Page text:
Imagine this: the sun has just risen and is beginning to shine bright and golden. You spin around, arms stretched towards the sky, in a mountain meadow densely covered with colourful blossoming flowers and herbs. This outdoor dream world, which could have come straight out of an 1950s home movie, would probably reach an inglorious conclusion in harsh reality. Your trouser legs would be soaked from the dew that has formed on the meadow overnight, your socks would not be any better and a tick would probably have sneaked into the inside of your trousers.
Oh, of course, you forgot your gaiters! Whether you’re hiking through an Alpine panorama, mountaineering or trekking, outdoor gaiters are a must. Here’s a little advice on buying gaiters so that you’re prepared and can dance across the mountain meadow without getting your trousers soaked.
How gaiters work and where they’re used
Okay, we’ve all heard the word gaiters, but what does it have to do with our favourite outdoor hobby? Simply put, gaiters are a waterproof extension of shoes that – depending on the model – cover the lower leg and sometimes extend over the knee area. They’re handy whenever high shoes or boots are too warm or impractical or waterproof trousers are out of the question.
A regular gaiter is strapped under the boot with a robust strap system and hooked into the lacing with hooks for extra support. The side has a full-length zip, hook and loop fastener or lacing with a waterproof storm flap so that the whole thing can be put on and taken off easily. A drawstring at the top keeps it snug and also prevents the gaiter from slipping down.
If everything is put on properly, gaiters keep your feet and trouser legs effectively dry, whether on rainy, muddy tours or in deep snow. They also prevent dirt and small stones from getting into the shoes on hikes. Who likes annoying bits and pieces in their shoe? The additional gaiter layer made of resistant material also protects the trouser fabric and your legs from sneaky thorns, rock edges and small branches.
Gaiters also provide protection against the pest mentioned at the beginning of this article – the tick. Once you’ve attached a pair of gaiters to your shoes, the little beasts have no chance of getting under your clothes. This is a precaution that should not be overlooked, especially in TBE risk areas. These protective tubes for the legs are therefore really versatile!
What must gaiters be capable of?
In the past, gaiters were made of simple felt or leather, but today they are true functional beasts made of technically efficient and functional fabrics. So what should you look out for when buying gaiters? First of all, the most important and obvious thing, the gaiters should be waterproof. That much is obvious. On athletic and demanding tours, you could also opt for breathable inserts. After all, having the best moisture protection on the outside is only of limited use if you get soaked with sweat from the inside.
When the going gets particularly tough, for example during mountaineering or winter sports, ventilation options provide the necessary cooling as required. In temperatures below freezing, good insulation is key. If you are often out and about at dusk or in fog, or if you use the gaiters for cycling, reflective elements will improve your visibility.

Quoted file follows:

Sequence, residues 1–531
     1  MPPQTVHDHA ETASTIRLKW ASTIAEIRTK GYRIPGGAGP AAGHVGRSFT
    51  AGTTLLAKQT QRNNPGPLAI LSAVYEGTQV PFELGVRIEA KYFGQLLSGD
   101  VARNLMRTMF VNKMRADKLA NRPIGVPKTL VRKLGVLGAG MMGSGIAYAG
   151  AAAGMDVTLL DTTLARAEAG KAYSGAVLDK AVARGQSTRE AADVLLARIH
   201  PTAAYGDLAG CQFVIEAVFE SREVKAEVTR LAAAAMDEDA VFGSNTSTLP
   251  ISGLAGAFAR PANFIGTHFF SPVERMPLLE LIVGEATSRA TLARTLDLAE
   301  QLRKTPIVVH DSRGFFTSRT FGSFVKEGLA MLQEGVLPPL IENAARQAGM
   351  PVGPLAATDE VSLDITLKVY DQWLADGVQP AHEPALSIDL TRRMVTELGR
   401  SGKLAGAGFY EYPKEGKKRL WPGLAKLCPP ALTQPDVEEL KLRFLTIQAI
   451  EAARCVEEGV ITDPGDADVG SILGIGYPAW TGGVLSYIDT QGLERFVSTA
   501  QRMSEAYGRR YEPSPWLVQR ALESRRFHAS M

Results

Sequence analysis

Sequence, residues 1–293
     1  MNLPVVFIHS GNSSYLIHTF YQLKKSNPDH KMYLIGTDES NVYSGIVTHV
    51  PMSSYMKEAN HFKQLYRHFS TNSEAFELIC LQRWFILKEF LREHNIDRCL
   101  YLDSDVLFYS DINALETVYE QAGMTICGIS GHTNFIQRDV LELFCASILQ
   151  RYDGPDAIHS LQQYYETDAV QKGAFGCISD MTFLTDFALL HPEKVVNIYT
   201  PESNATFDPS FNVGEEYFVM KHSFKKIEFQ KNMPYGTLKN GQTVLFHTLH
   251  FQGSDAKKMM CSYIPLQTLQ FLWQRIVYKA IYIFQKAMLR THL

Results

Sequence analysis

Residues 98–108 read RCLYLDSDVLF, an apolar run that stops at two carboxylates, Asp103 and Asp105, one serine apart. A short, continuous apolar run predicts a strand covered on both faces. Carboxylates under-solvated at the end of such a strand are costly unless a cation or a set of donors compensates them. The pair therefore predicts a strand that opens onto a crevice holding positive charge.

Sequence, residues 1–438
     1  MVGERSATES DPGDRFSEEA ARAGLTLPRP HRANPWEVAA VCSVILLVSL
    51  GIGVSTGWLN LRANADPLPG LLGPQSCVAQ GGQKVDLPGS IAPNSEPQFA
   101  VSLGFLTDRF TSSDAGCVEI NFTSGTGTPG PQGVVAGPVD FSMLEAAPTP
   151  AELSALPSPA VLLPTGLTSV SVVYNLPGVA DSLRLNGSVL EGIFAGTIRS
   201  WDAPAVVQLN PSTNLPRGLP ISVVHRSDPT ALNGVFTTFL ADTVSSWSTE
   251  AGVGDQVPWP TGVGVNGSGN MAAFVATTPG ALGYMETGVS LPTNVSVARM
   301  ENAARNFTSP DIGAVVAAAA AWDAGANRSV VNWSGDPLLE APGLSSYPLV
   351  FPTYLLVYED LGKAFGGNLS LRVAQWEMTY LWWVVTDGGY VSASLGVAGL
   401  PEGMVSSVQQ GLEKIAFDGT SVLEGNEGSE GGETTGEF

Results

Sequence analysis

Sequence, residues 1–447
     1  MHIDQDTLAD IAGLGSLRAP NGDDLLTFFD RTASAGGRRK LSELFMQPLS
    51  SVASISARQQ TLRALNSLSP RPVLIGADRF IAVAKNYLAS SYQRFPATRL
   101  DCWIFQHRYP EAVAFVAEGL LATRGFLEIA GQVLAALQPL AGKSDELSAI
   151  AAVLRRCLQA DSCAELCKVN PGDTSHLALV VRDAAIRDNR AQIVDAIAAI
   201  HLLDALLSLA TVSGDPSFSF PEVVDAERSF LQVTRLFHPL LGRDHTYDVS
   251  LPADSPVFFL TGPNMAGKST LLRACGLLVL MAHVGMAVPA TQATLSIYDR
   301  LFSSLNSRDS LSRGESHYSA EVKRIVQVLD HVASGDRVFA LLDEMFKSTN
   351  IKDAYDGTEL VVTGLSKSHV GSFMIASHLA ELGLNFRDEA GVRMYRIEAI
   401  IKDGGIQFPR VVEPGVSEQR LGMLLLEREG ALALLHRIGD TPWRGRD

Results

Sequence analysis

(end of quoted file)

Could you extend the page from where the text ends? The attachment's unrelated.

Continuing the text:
Gaiters are exposed to numerous stresses in everyday outdoor use. Whether it’s thorns, branches, rock or crampons, the material is really put to the test. Durable fabrics and additional material reinforcements in high-wear areas increase the durability and protect hiking and rain boots from all kinds of damage. Last but not least, but one of the most important: a secure fastening option. Good gaiters must fit tightly and securely to the leg and shoe to be able to provide the adequate protection against moisture and dirt. The width of modern gaiters is adjustable and they can be fixed securely to shoes with neoprene straps, underfoot straps or buckles.
Which gaiters for which purpose?
Now we know what good gaiters have to be able to do. But which are the right ones for your next tour? Don’t worry, we can solve this quickly. For long distances, we recommend hiking gaiters, as you can probably guess. This is not really a sub-type, but rather a variant that is particularly suitable for hillwalking. They should be as lightweight as possible so as not to weigh down the foot unnecessarily on long slogs.
A low cut provides more freedom of movement. For alpine tours or winter hikes, the protective gaiters should be as high-quality as possible. When it comes to deep snow, gaiters that only reach just above the ankle are not very helpful. Breathable inserts and ventilation options should also be part of the package. Expedition gaiters are the ideal partner for extreme conditions. They are indispensable for mountaineering, ice tours and expedition mountaineering. They usually have insulating foam and are specially designed for use with crampon-compatible trekking boots.
Special bike gaiters keep you dry on cycling tours. These outdoor gaiters often provide a cover for the entire shoe, which ensures complete protection against moisture. This means that splashing rain and mud cannot get into or onto your shoes.
Reflective details ensure that you can be seen better by other road users. As you can see, gaiters are neither a thing of the past nor some useless accessory that just gathers dust in your equipment cupboard. Whether you’re looking for styles for hillwalking, cycling or alpine use, once you’ve found your perfect pair, your feet and legs will stay dry as a bone. And uninvited guests such as sharp stones, dust or insects will also stay where they belong, outside.